What David Cameron used to think about Budget deficits

His 2006 blast over "Budgets raided to solve financial deficits".

Interesting post by David Blackburn over at Coffee House. He begins by digging out a YouTube clip of Tony Blair's savaging of John Major pre-1997 (echoes of today's PMQs, apparently) but then gets sidetracked by a more recent clip, below, of a 2006 exchange between Blair and David Cameron on NHS spending. Blackburn notes:

The first two minutes of the clip reinforce just how complicit the Conservatives were in Brown and Blair's free-for-all. Cameron was aghast that "Budgets were being raided to solve financial deficits".


According to one of the comments left over on the Speccie:

Watching this clip reminds of the huge trap Labour and Blair laid for the Tories about huge Budget increases -- and any reduction in those Budgets was painted as a savage cut by the "nasty party".

Jon Bernstein, former deputy editor of New Statesman, is a digital strategist and editor. He tweets @Jon_Bernstein. 

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Sarah Champion wants to un-resign and join Jeremy Corbyn's shadow cabinet again

The MP is understood to have emailed asking for her job back. 

Sarah Champion, MP for Rotherham, is to rejoin the shadow cabinet less than a month after her dramatic resignation.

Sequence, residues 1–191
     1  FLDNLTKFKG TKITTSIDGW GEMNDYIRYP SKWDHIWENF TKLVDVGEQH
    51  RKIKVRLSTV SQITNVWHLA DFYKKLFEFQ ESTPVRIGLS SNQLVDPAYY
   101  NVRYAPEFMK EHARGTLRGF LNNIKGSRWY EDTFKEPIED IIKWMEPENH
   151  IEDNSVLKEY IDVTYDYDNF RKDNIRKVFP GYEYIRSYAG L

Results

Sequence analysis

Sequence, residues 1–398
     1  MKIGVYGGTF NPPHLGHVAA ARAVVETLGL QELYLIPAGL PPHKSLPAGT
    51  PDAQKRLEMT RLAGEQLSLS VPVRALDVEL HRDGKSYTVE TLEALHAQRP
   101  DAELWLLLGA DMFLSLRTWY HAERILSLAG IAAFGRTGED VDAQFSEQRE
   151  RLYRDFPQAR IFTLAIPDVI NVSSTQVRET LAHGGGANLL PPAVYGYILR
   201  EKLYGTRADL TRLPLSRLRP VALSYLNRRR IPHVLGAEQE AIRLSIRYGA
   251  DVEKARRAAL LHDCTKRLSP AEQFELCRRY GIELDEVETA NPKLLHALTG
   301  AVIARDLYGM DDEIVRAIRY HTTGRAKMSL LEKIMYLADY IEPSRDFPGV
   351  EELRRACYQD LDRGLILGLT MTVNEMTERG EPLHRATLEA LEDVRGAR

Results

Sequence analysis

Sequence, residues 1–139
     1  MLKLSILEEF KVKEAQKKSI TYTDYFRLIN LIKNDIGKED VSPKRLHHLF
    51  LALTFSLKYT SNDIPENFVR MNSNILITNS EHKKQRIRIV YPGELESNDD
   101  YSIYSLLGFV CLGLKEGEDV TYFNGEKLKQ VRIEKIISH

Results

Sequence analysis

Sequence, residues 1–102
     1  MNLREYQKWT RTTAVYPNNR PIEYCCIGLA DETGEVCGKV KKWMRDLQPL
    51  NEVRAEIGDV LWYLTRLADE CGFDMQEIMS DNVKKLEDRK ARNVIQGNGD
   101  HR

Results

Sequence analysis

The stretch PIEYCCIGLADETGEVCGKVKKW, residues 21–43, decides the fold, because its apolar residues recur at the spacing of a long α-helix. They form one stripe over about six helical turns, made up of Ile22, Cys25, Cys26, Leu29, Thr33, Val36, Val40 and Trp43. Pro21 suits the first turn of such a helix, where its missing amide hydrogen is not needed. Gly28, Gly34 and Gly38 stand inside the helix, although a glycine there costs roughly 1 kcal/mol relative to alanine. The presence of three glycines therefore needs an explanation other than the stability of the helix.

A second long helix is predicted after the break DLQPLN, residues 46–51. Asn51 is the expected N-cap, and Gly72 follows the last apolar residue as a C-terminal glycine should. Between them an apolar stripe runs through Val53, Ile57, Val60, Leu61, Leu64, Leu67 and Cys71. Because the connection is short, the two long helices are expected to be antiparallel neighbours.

On 28 June, in the aftermath of Brexit, she tweeted: "I have just stepped down from my shadow minister job, but not my responsibilities to my constituents, party or victims of abuse."

Now, she has reportedly emailed Jeremy Corbyn's team to request an un-resignation from her position as shadow minister for preventing abuse. 

According to the Guido Fawkes blog, she wrote: "I would like to formally retract my resignation and ask to be reinstated to my role as Shadow Home Office minister for preventing abuse and domestic violence with immediate effect."

Unsurprisingly, perhaps, given their staffing issues on the shadow cabinet, the Corbyn team is understood to be welcoming her back. 

Shadow chancellor John McDonnell has repeatedly urged ex-shadow cabinet MPs to come back. On 1 July he said: "Wouldn't it be better if people came back and worked with us?"

And on Sunday, he alarmed weekend TV viewers by turning straight to camera and telling the nation: "We've got to stop this now."